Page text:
Here We Go Again: DRS Is Back In The News For All The Wrong Reasons

Even cricket video games have a better DRS than this

Since the introduction of Decision Review System (DRS), questions have been raised over its effectiveness. On multiple occasions we have seen people complain about hawk-eye, ultra-edge, and the infamous, umpire’s call rule. We witnessed another example of DRS malfunction in India vs Australia 3rd ODI clash in Ranchi yesterday.

It was Aaron Finch who reviewed the umpire’s decision of leg before wicket in the 32nd over of first innings. Not only actual position at which the ball was pitched was dragged incorrect but the trajectory (spin) was changed as well.

In an early pre-DRS world, the replay should have shown that the ball pitched in line of the middle stump, and turning towards leg side, clipping the leg stump or missing it by a fraction. But the actual review showed ball pitched slightly different from the position it pitched, and going straight.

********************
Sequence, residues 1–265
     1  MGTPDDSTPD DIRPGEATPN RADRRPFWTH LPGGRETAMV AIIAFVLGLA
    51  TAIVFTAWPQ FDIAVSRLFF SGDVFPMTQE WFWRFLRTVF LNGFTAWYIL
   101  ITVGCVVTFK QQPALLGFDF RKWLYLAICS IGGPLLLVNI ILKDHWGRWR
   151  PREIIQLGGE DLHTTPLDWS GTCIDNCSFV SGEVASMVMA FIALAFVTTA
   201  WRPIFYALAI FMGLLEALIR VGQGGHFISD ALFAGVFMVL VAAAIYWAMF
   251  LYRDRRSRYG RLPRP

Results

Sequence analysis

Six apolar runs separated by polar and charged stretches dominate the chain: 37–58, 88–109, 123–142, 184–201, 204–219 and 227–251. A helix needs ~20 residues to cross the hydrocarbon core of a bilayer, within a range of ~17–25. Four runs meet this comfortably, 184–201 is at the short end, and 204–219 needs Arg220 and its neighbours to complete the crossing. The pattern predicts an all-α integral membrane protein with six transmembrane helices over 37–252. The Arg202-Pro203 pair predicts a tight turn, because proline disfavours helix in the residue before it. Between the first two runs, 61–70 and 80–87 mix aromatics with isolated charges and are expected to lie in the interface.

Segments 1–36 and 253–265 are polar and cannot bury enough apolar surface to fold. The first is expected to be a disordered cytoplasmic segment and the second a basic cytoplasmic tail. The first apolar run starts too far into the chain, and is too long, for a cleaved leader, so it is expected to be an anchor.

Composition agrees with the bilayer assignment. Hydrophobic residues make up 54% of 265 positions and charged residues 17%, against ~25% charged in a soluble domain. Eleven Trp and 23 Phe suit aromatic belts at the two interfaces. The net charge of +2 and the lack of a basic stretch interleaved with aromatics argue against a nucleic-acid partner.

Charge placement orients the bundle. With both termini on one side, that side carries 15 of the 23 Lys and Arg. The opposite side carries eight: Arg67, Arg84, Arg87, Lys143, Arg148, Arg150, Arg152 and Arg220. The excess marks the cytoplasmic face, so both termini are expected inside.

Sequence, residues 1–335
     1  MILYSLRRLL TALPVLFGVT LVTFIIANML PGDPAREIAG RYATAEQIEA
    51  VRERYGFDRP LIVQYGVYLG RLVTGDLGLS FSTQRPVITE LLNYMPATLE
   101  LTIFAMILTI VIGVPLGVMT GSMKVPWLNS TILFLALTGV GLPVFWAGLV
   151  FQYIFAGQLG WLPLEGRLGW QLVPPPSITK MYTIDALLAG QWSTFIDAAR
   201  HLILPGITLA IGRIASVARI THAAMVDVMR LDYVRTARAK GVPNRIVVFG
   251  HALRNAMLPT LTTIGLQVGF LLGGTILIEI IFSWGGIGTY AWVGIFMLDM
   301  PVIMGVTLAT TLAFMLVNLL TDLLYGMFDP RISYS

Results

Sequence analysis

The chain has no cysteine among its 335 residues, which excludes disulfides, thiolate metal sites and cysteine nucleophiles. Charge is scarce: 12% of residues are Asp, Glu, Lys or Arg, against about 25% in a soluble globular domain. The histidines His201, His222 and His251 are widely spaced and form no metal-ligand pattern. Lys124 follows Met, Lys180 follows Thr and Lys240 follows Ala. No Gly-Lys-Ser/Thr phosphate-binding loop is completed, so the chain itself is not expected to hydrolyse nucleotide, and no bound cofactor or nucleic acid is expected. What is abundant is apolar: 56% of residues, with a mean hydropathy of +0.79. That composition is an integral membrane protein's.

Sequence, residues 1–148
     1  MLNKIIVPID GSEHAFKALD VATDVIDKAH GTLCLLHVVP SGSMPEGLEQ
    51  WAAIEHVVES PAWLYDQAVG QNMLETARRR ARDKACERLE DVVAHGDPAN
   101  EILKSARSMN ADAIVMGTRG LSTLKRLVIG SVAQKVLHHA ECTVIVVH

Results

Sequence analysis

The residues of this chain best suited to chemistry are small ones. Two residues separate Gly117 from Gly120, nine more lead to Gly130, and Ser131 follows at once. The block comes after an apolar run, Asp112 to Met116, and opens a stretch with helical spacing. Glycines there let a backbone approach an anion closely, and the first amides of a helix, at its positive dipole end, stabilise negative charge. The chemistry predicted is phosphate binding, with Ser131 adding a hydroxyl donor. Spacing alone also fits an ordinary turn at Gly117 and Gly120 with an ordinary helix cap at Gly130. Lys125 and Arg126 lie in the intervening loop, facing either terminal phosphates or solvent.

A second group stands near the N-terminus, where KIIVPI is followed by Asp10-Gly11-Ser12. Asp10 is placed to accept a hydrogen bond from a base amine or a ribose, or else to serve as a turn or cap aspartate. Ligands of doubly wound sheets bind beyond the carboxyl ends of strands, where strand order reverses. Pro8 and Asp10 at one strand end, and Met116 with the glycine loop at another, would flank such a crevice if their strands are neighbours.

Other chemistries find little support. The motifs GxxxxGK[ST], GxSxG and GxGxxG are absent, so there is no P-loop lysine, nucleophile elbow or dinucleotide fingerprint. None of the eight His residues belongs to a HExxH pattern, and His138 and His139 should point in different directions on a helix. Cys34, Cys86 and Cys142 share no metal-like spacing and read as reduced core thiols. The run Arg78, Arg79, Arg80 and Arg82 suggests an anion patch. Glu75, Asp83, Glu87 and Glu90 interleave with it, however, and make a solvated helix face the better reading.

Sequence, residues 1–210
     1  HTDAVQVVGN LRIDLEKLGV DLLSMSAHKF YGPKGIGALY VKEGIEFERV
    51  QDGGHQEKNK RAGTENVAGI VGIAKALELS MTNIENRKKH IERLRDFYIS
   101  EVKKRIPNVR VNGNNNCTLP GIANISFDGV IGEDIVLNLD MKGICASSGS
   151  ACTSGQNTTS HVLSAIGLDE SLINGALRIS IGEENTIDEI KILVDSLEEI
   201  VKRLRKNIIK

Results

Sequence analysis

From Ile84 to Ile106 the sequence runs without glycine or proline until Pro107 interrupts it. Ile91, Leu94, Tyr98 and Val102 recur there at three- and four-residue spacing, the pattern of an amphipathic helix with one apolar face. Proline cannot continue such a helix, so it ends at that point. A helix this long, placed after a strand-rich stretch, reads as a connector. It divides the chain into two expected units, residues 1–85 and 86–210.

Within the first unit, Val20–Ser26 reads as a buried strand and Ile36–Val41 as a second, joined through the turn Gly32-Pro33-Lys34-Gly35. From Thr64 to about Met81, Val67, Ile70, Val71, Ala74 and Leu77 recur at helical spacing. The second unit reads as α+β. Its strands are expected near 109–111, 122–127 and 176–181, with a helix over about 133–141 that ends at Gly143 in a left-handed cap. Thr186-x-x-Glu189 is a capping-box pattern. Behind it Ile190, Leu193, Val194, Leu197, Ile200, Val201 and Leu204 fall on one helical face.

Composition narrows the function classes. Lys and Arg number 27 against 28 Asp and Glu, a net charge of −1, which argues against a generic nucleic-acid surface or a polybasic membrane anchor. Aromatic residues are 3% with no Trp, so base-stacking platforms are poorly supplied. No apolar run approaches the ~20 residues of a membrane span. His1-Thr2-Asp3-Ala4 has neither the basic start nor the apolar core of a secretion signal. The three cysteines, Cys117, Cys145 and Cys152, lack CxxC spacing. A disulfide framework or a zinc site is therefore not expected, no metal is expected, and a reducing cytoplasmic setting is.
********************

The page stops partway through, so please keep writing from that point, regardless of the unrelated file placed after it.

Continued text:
Few cricketers were baffled by the differences between reality and DRS vision as they expressed their disbelief on Twitter:

It is quite tough to say whether Finch became a victim of DRS failure as he could have been given out on the basis of umpire’s call. But Australia could have at least retained their review if Finch was given out on the basis of umpire’s call. If things like these happen in big tournaments like upcoming World Cup 2019, one bad review can change the course of the game.

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